Algorithmic and Knowledge-based CAD for VLSI
The continuing growth in the size and complexity of VLSI devices requires a parallel development of well-designed, efficient CAD tools. The majority of commercially available tools are based on an algorithmic approach to the problem and there is a continuing research effort aimed at improving these. The sheer complexity of the problem has, however, led to an interest in examining the applicability of expert systems and other knowledge based techniques to certain problems in the area and a number of results are becoming available. The aim of this book is to sample the present state-of-the-art in CAD for VLSI and it covers both newly developed algorithms and applications of techniques from the artificial intelligence community. The editors believe it will prove of interest to all engineers concerned with the design and testing of integrated circuits and systems.
About the Editors
Gaynor Taylor is Professor of Systems Design and currently Head of the Department of Electronic Engineering at the University of Hull. She has been a member of the academic staff of the university since 1980 and is involved in teaching courses on CAD for VLSI and research into test pattern generation and design for testability for both digital and mixed analogue and digital devices. Prior to joining the university she spent a number of years at the GEC-Marconi Research Laboratories at Great Baddow where she was involved in the development of GAD tools for digital circuits and for passive filters.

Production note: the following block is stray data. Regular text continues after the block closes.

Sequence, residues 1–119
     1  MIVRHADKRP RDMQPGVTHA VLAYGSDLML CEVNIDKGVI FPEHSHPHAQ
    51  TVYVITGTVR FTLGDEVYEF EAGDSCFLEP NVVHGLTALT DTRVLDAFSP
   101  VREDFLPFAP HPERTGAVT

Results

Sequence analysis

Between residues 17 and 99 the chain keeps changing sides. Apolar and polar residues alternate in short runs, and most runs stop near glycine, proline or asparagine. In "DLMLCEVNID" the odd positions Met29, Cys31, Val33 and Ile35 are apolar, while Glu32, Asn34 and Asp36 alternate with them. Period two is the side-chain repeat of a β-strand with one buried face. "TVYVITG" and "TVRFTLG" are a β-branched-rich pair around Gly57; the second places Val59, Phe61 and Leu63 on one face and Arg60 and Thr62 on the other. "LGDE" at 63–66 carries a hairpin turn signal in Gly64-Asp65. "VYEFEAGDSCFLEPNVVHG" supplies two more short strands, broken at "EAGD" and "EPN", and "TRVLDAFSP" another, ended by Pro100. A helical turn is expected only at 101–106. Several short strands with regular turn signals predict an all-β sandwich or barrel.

She received her BSc, MSc and PhD degrees from UMIST and is a Chartered Engineer and Fellow of the IEE.
Gordon Russell has been on the academic staff of the Department of Electrical and Electronic Engineering at the University of Newcastle upon Tyne since 1979, where he has been involved in teaching and research into CAD tools for VLSI circuit design and design for testability techniques. He has also been involved in a number of SERC and DTI funded research projects in these areas. Before joining Newcastle University he spent five years at Edinburgh University, involved in a range of CAD activities, first in the Department of Computer Science, then in the Department of Electrical Engineering and finally in the Wolfson Microelectronics Institute.
He is coauthor/coeditor of five books related to testing and other aspects of CAD for VLSI and has given a number of invited lectures at universities throughout Europe on the application of expert systems to test pattern generation and design for testability. He is a Chartered Engineer and a member of the IEE and IEEE. He received his BSc and PhD degrees from the University of Strathclyde.
Gaynor Taylor, Gordon Russell